- June 1st, 2020Average rating1out of 5 stars1.0Great product, TERRIBLE priceMike3 | 35-44I'm super glad that LEGO decided to sell the Technic CONTROL+ hub and motors separately, but really??? $90 for the hub and $40 each for the motors??? Why would I spend $180 for one of each when I can get ALL THREE plus another 400+ parts with the Top Gear Rally car for $130?!? This should have been priced at $50, with the motors at $25 each...then they would be more consistent with the pricing of the full sets. Until they drop the price, go get the Top Gear Rally Car instead.Play ExperienceAverage rating5out of 5 stars5.0Value for MoneyAverage rating1out of 5 stars1.0Building Experience: Advanced LEGO builderWas this helpful?15Technic™ Hub
- October 13th, 2020Average rating1out of 5 stars1.0Costly, Complex and missing somethingBrickthus88012 | 45-54Purchased for: SelfThe Technic Hub is the middle sized hub between the 2-port Train hub 88009 and the 6-port Spike Prime hub (in an educational set and soon in a consumer set). Like its Power Functions predecessor it takes 6x AA batteries. This hub includes the controls for 4 motors or lights, but it needs a phone or tablet to control it. As such it replaces £28.50 of value (2x IR Receivers and battery) in the one device, but the price of £75 is a lot more. As the 2-port hub and Boost hub 88006 (2 ports and 2 integral motors) were released earlier I was expecting this one for £60, so its price is too high relative to the others. I can only speculate that they don't want to sell many of them, and would rather sell the sets that contain them. The sets including this hub are: The Top Gear Car 42109, with 1 medium motor and 1 large motor; The 4x4 X-treme Off-Roader 42099 with 1 medium motor and 2 large motors; The 6x6 Volvo Articulated Hauler 42114 with 1 medium motor, 1 large motor and 1 right-angle motor; and The Liebherr R 9800 Excavator with 2 hubs, 4 medium motors and 3 large motors. As a purchasing strategy I would consider what sort of models I wanted to make and select the set accordingly, to provide the right number of hubs and motors, rather than buying the 4-port hub on its own. One major criticism I have of this hub, in function and usefulness, is that it cannot be used with the Remote Handset 88010 unless a phone program or 3rd-party computer-based software is also in use. I had hoped that this hub could be synchronised with 2x 88010 handsets to make an ordinary remote-controlled vehicle. For the Top Gear car 42109 it makes perfect sense, since the handset can rotate a dial 90 degrees for the steering function. Why was this missed? Could it be rectified with a firmware update to the hub? This really drops this hub down the list for me, so I prefer the 2-port hub that uses the handset without extra effort or complexity, even for Technic models. The 4-port hub is missing an essential attribute here, one that ruins its play experience. I would settle for a handset controlling ports A and B if nothing else could be done. I find phone-screen controls imprecise by comparison to the handset 88010. A further problem for the 4-port hub is that there is not yet a LiPo battery for it. The 6-port hub comes with a LiPo battery that can be recharged many times. AA batteries are not sustainable, especially for high use, motor applications and exhibition of models. I prefer the Power Functions LiPo battery 8878 and the lack of one for Powered-Up 4-port and 2-port hubs makes me reluctant to switch over and reluctant to buy the Powered-Up hubs and the sets that contain them. Please hurry up and give us those LiPo inserts for the the hubs. The 4-port hub has integral brackets for strong mounting. This works well in the sets that use the hub. However, it makes the size 9x9x5, which rules it out of use in small models, including trains. 7x11x5 could have been hidden more easily if the brackets had been on the ends, as they are for the Power Functions AA battery unit. Some models use a build-around-the-hub style, which is not as versatile as one can do with Power Functions. This may lose some of the key attribute of the LEGO System. For general model building with this hub, I would check the sets that use the hub, pick the one closest to my model, and follow the same pattern of port usage. That way you can use the app for the set for your own model and gain more functionality, especially in instant-use mode. Any turret vehicle would follow the pattern of 42100, using ports A and B of hub 1 for tracks, port D of hub 1 to turn the turret, and the 4 ports of hub 2 for turret functions. For railway points and crossing control I might use a 2-port hub to control 2 devices; it would manage being remote without long wires, compared to a 12V, 9V or Power functions solution with a panel of switches. I would hesitate to use a 4-port hub though that would be possible if 4 devices were within reach. The Powered-Up system has longer motor cables but no extension cables; I really want an extension cable before I would invest heavily in this system. I did buy a lot of extension cables for Power Functions because they can be cut and a custom electronic module connected in the middle. This type of experimentation is essential to build engineers. Users miss some education if they stick to just plug-and-play products. So overall I prefer the 2-port hub over the 4-port hub, though both hubs need the promised LiPo inserts for sustainability. I prefer the simplicity and versatility of Power Functions, and also its backward compatibility with 9V. Some improvements are needed for me to invest more in Powered-Up. If you like programming then go for the 6-port hub when the set is released.Play ExperienceAverage rating1out of 5 stars1.0Level of DifficultyAverage rating3out of 5 stars3.0Value for MoneyAverage rating1out of 5 stars1.0Build Time: 1 hrsBuilding Experience: Expert LEGO builderWas this helpful?15Technic™ Hub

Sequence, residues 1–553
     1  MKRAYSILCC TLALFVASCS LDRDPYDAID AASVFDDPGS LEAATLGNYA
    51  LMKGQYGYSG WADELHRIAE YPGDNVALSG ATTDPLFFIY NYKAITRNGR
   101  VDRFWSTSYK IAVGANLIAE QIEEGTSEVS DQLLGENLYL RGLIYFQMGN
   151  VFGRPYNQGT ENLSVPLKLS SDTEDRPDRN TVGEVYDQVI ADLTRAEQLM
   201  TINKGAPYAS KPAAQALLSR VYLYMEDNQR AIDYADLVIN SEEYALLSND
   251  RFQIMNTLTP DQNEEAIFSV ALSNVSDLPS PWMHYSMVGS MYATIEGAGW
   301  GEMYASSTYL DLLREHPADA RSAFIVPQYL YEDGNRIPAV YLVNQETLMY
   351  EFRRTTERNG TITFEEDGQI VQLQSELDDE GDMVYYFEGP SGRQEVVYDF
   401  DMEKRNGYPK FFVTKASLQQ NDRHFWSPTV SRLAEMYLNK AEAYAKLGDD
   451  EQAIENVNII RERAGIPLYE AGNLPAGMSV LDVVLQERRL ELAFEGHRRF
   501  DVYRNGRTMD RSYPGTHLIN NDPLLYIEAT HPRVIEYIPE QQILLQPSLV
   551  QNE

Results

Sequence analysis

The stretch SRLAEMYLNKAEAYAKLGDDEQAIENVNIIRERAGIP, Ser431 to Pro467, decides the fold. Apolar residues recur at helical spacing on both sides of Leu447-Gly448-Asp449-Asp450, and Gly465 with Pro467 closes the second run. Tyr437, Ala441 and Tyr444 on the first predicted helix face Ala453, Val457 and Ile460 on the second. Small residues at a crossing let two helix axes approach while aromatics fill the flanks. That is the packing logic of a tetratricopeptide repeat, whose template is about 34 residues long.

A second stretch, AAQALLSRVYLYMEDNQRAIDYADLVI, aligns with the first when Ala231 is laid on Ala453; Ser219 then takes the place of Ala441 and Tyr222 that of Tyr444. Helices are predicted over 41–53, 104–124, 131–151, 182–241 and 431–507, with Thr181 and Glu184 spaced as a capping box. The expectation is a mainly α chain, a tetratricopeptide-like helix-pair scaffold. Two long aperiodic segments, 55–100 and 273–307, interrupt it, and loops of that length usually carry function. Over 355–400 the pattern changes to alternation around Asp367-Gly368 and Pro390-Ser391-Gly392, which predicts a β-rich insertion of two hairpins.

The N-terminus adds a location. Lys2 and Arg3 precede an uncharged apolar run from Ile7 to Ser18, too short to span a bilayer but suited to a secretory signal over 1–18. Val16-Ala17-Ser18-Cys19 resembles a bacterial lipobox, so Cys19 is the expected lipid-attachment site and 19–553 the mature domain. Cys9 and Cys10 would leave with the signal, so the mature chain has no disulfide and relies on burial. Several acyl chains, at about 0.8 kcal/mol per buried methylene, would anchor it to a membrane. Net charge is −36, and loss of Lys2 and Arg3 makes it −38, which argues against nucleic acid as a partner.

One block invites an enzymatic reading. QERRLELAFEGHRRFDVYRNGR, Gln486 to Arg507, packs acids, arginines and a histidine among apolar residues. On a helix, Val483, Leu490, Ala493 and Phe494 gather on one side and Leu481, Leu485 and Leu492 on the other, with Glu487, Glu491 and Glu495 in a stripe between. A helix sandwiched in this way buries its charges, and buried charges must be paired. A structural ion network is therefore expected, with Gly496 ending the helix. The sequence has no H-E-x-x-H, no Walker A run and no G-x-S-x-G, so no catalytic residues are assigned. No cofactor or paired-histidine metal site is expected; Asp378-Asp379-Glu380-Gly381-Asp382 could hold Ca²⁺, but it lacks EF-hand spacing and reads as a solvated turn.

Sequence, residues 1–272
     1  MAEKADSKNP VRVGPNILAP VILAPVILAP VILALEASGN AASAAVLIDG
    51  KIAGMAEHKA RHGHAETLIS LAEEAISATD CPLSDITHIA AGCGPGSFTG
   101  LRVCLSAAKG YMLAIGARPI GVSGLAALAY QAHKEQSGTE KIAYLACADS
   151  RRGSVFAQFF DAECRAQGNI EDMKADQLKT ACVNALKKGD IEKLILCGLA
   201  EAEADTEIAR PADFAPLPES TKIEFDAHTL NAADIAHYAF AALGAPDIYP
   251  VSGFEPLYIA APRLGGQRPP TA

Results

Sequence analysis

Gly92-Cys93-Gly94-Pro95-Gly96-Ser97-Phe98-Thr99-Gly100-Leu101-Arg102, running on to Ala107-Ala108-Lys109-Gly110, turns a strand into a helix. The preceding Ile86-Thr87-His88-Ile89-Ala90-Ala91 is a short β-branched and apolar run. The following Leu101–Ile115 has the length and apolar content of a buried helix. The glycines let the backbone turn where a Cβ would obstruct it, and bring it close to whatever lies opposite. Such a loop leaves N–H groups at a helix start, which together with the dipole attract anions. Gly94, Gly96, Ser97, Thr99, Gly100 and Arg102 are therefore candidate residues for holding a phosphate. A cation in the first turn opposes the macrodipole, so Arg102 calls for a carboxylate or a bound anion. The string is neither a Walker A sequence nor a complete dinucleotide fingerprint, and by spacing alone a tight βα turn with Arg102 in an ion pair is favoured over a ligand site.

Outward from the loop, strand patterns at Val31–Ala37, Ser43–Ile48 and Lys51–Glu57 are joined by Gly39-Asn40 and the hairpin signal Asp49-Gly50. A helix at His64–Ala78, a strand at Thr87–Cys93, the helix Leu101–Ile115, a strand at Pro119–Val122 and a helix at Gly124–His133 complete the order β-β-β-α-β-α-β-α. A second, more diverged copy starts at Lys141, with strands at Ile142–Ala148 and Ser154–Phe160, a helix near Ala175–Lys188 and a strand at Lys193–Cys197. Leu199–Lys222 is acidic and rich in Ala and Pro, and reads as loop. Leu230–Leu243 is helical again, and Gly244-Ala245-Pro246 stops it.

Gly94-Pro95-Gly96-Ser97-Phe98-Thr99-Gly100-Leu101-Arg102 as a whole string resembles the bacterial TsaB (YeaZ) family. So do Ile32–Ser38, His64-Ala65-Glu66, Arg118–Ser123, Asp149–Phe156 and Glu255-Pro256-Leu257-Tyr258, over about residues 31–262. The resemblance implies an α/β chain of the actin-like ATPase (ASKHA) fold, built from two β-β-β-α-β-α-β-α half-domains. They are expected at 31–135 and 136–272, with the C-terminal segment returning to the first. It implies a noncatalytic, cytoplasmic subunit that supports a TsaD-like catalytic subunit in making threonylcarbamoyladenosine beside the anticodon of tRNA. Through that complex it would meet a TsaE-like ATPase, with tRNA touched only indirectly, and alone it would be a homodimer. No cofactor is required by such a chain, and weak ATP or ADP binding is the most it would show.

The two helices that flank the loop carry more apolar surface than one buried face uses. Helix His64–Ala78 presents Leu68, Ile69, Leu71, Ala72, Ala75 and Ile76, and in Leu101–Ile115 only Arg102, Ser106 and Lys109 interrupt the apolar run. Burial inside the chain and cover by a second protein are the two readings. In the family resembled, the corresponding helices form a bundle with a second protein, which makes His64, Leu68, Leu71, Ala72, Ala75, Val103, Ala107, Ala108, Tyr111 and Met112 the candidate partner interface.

- August 2nd, 2020Average rating5out of 5 stars5.0Works great!RVick73 | 19-24I would recommend this to a friend!Acquired 2 with the Excavator, have had no issues.. all of the motors and sensors work as they should. I like how the Hub turns off as a brief time of disconnection or not in use in order to save battery power.Play ExperienceAverage rating5out of 5 stars5.0Level of DifficultyAverage rating1out of 5 stars1.0Value for MoneyAverage rating4out of 5 stars4.0Building Experience: Intermediate LEGO builderWas this helpful?55Technic™ Hub